Nimitz, one of three admirals who believe taking the Gilberts is critical for the forthcoming, important campaign in the Marshall Islands. (U.S. Navy photo.)
Today in 1943 the Allies have begun pecking away at targets throughout the Gilberts, including Tarawa, in advance of a full-scale operation in the Gilbert and Marshall Islands, almost two years after Japan swept in to occupy the islands following the Pearl Harbour attacks.
Alice Faye, Anne Whitfield, Phil Harris, and Jeanine Roos at the mike. (Photo: NBC.)
“The writing,” John Dunning (in On the Air: The Encyclopedia of Old-Time Radio) wrote of The Phil Harris-Alice Faye Show, “was razor sharp; the scripts by Ray Singer and Dick Chevillat were so raucous that four-to-five minute cuts were often necessary to allow for audience laughter. The principle of contagious laughter was maximised in the overhead placement of audience microphones, making it one of the loudest shows on the air. Some of the brilliance went out of the scripts when Singer and Chevillat departed . . .”
Murrow never met a bombing mission he couldn’t fly, if allowed to. (Photo: CBS/Bettman Archive.)
The Dutch called 5 September Dolle dingstad, or Mad Tuesday—because the Allies had advanced so far toward their borders in the wake of D-Day that the Dutch believed they were thisclose to liberation. The campaign to liberate the Netherlands from the Nazi grip is in full swing, of course; Operation Market Garden—bidding to move from the Dutch-Belgian border over the Meuse, Waal, and Rhine rivers—proves only a partial success; the Allies can’t capture the Rhine bridge in the Battle of Arnhem.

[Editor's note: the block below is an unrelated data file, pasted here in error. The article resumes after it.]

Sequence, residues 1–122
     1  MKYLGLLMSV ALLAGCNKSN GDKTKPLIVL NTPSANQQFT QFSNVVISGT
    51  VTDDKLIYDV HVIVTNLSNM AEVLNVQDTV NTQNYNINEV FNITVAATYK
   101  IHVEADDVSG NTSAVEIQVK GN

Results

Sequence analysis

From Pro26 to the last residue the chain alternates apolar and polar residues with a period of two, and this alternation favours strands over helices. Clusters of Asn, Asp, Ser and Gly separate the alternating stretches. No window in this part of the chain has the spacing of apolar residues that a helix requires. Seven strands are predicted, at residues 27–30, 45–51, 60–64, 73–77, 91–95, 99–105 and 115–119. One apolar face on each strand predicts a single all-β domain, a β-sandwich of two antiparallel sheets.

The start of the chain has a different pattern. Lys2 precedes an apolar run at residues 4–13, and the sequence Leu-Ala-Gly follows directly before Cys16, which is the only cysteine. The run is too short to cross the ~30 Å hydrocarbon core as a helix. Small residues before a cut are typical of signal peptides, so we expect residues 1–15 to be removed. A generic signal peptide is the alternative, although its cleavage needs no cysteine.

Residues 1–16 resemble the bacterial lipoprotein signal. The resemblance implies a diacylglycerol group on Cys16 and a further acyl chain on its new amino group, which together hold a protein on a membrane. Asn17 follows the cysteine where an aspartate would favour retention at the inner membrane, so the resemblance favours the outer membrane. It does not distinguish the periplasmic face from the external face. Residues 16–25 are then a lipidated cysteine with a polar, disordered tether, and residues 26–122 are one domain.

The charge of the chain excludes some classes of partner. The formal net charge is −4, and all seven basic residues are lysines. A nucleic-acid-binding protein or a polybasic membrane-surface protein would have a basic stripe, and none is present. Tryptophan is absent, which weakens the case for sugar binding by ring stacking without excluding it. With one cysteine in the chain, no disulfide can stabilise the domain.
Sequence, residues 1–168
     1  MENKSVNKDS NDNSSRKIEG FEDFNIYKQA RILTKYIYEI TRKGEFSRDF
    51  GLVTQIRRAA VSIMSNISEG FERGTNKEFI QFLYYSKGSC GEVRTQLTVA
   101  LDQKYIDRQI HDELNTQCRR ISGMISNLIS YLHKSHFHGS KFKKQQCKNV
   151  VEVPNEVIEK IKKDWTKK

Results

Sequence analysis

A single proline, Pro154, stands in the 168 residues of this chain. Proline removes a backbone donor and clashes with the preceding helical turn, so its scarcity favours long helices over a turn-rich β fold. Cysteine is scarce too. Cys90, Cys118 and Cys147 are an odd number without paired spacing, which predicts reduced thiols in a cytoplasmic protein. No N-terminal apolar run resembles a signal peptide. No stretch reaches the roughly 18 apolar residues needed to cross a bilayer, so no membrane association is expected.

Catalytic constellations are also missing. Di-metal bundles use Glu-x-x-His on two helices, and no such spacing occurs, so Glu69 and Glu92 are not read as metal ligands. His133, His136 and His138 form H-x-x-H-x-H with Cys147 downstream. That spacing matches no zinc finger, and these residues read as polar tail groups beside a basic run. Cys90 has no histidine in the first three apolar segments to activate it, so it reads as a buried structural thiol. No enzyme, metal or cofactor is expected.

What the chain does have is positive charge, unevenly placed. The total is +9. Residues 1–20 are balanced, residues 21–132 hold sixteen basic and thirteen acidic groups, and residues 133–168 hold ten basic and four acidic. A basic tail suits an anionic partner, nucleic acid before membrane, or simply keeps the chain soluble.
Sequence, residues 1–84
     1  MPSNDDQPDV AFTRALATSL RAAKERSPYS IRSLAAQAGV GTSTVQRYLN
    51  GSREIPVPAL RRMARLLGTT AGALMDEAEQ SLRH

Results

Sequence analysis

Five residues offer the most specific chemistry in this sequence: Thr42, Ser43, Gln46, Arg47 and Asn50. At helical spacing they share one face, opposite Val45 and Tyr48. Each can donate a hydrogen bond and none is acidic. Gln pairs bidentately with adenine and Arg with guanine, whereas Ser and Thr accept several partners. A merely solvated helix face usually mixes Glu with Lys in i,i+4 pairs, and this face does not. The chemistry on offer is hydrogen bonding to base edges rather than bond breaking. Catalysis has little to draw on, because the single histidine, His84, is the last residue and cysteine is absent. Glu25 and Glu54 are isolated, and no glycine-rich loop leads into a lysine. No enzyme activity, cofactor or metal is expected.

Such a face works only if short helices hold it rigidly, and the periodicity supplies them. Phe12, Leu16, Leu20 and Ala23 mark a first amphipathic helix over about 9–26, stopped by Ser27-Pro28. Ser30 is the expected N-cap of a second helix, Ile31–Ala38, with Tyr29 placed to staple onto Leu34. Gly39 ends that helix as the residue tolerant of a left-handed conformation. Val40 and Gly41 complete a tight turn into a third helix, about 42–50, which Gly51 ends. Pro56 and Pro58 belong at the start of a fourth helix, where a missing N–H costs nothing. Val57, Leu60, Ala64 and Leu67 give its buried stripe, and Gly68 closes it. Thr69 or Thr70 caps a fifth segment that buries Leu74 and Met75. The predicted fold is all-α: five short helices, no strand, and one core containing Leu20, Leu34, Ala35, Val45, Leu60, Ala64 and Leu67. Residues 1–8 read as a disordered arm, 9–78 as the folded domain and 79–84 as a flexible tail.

Arch Oboler. (Photo: NBC.)
Arch Oboler hardly flinched when he was handed the job of taking Wyllis Cooper’s reins for Lights Out, when Cooper left his creation in May 1936 for what proved a modest screenwriting career. Before his first Lights Out run is finished, Oboler will write and direct over a hundred installments, developing the stream-of-consciousness techniques that help establish him as radio’s new macabre master.
The Jordans, early in their Fibber McGee & Molly years. (Photo: NBC.)
Jim and Marian Jordan are actually married 21 years when tonight’s broadcast is delivered. The marriage of these childhood sweethearts probably testifies most to their perseverance, since her parents were far less than thrilled about their daughter’s dreams of life in the theater and her romancing by a farm kid who shared those wild-eyed dreams. To say they came up the hard way is perhaps the understatement of the hour.